As of today, I’ve completed my first school speech therapy assignment, with children aged 3 to 5 years old in an inner city public school. My caseload included 28 children, and I had one month left in the school year. From the first day, it felt like a race to get acquainted, connect with, and help each one of them. It’s harder at the end of a school year to find children, with so many practicing the “moving up ceremony” (graduation to kindergarten), a school-wide field trip, and miscellaneous absences. When I greeted the children, each get his or her own “Hello Hand,” a large hand-shaped clapper noisemaker. At the same time a reminder, a hall pass of sorts, and a greeting, the typical children in the classroom each wanted to clap the hand, too, so they would help me find my student in the classroom or on the playground when they saw me. Within a couple of weeks, the students on my caseload knew and came to me or went without fuss.
The school was being closed probably forever (with every sort of hazardous substance somewhere within its centenarian walls). As soon as we’d met each other, the school evidenced increasing facts of moving. Circle time and floor time lost their rugs and couches, and each day more bookcases lost their toy bins, puppets, or books. I already was carrying my own toys and tools with me (which I had made or bought) in large beach bags, but now I could only count on those. Boxes stacked higher; I left nothing in a classroom lest it be packed up.
The toys and materials we used were mine.Materials are not everything, but I was eager to capture their imaginations and attention. The children soon came to speech to “play” and had favorite activities. I love it when a child is unaware that he is learning important words and trying harder than he had been. Within a couple of weeks, some cried out that they wanted “ants,” my interactive version of Ants Everywhere, and UNDER and ON printable book. My homemade set of Boardmaker symbols and pictures, with IKEA finger puppets, for the classic Brown Bear Brown Bear by E. Carle, I was told, resembled a set the special education teacher had purchased for $30. The children could see my picture of what was coming on the next page and start to recognize that the words had meanings, too. The resource teacher owned a commercially-made set of figurines and cards for following directions. Keen to be different, my direction-following set consisted of tiny cars, a blueberry crate “garage,” and DollarTree skateboards, cones, and signs. My baby doll direction-following set (assembled for an average unit per piece of under $1) was less of a hit among my students (almost all male. )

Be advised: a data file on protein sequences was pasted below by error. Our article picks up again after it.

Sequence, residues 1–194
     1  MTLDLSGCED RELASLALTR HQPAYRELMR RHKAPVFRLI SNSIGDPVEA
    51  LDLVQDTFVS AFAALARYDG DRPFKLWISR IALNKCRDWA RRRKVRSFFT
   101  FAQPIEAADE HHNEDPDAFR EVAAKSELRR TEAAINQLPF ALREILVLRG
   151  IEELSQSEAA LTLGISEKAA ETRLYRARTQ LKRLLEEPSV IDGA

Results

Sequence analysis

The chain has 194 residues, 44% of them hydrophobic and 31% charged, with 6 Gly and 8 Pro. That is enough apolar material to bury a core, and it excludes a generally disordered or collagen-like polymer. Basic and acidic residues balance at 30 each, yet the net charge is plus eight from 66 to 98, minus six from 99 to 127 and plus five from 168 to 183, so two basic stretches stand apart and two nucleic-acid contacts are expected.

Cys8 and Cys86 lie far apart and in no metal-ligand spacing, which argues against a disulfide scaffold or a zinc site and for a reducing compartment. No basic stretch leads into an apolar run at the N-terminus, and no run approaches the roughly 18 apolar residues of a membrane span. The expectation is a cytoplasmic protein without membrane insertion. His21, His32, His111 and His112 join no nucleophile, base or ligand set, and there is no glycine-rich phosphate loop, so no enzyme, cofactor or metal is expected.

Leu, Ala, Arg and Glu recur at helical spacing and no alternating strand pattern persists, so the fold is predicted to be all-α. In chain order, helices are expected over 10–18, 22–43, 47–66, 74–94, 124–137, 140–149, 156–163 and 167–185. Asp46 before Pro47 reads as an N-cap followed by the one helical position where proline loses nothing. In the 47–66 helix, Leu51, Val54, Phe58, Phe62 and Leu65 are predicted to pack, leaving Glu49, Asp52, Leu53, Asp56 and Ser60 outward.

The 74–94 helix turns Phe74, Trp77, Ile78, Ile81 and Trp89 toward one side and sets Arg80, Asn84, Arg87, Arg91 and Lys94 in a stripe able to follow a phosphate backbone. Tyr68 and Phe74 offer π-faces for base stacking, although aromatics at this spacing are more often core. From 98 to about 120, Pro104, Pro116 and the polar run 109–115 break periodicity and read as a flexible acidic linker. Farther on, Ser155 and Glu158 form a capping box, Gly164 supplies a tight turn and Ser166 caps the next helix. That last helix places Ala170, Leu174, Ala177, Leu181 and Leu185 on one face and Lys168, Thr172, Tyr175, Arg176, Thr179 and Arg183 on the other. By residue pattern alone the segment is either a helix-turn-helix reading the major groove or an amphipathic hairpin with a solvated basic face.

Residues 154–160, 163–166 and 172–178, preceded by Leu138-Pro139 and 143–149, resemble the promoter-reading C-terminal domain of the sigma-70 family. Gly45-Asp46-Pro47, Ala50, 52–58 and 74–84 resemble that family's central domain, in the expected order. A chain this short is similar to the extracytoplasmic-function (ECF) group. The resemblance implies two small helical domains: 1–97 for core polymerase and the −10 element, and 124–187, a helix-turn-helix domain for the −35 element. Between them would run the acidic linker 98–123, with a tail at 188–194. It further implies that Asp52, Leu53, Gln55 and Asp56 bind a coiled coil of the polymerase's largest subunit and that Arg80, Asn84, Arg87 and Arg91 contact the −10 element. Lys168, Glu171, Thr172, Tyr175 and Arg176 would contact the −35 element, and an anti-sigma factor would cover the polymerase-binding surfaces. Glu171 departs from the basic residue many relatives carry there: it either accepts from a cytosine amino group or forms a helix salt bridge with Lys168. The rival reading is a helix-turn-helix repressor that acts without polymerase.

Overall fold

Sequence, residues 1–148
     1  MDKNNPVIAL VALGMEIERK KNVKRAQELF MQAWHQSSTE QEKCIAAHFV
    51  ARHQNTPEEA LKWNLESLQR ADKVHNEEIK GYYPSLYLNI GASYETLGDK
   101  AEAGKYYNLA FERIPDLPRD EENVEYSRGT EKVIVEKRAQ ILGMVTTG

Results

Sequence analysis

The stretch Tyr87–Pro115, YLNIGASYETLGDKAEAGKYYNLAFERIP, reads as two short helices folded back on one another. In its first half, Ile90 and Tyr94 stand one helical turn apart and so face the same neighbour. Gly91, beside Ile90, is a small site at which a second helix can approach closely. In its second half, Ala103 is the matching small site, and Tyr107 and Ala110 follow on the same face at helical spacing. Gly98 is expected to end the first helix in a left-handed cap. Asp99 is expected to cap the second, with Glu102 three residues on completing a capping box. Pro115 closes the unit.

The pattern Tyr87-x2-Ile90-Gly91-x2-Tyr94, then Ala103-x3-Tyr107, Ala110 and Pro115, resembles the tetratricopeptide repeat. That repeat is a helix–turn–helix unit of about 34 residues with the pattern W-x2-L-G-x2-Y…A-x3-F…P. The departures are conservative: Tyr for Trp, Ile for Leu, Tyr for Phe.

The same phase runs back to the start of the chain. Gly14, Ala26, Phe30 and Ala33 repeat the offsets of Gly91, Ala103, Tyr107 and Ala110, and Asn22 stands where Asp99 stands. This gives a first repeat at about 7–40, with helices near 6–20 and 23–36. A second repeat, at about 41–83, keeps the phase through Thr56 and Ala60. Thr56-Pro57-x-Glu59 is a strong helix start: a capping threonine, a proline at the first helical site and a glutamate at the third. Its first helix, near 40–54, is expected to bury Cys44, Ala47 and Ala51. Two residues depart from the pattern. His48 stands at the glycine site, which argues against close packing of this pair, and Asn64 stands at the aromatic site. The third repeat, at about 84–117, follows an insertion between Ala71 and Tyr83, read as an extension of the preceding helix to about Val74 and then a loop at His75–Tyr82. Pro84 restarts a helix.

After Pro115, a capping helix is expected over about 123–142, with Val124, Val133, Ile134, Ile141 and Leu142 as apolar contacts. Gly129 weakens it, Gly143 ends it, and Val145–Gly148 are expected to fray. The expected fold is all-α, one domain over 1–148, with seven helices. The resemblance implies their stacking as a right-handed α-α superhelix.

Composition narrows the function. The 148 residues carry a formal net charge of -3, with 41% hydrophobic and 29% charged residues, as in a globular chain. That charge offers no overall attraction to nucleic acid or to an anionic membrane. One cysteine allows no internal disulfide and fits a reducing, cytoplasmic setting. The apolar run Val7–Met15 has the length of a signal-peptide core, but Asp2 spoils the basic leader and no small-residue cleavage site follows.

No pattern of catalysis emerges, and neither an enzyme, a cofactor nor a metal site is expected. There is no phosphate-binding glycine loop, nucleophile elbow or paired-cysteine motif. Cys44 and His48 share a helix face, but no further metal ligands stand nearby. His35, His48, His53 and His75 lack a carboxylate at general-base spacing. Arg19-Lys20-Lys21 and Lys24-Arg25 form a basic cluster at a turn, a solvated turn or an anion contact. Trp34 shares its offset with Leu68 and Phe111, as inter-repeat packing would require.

I wanted to mirror what the teachers were teaching, too. The year’s curriculum closed with several units on “Buildings,” which struck me as odd for small children until I realized “house,” “school,” “store,” and “grandma’s” count as “buildings,” and children learn what a room is, not what style of roof is over it. So I made a play mat with two-lane roads, stop lights, bus stops, and pictures of places around the city. Since most children were getting “group” speech sessions, I finally found several identical (important!) school buses, since school buses are intriguing and mysterious for this age. The children really enjoyed playing bus.” The bus followed traffic signs, broke down and went to “the repair shop,” and stopped at stops for people to get on. The children independently recognized the bus stops and fast food signs, but they didn’t yet know what a restaurant or store is. The only clear photo I found of a local school was of the high school, alongside an article about a 62-year old high school teacher being stabbed by a student.
The students didn’t recognize the landmarks I had included of their own de-industrialized city, the bridge and National Historical Park. The city was founded by an industrial organization created by “Founding Father” Alexander Hamilton of the $10 bill. His story is not history; it won 10 Tony awards last week, and his cast album debuted top of the rap chart. True Broadway hip-hop.
Largely self-taught and Caribbean-born, the lyrics accurately say he was the “immigrant bastard son of an whore and a Scotsman,”who went to what had been “Kings College” and is now Columbia, and then practiced law. (“My name is Alexander Hamilton, and there is so much I haven’t done, just you wait, just you wait.”) I hope that the children I worked with this spring learn their letters and more, and stay on to the High School and beyond.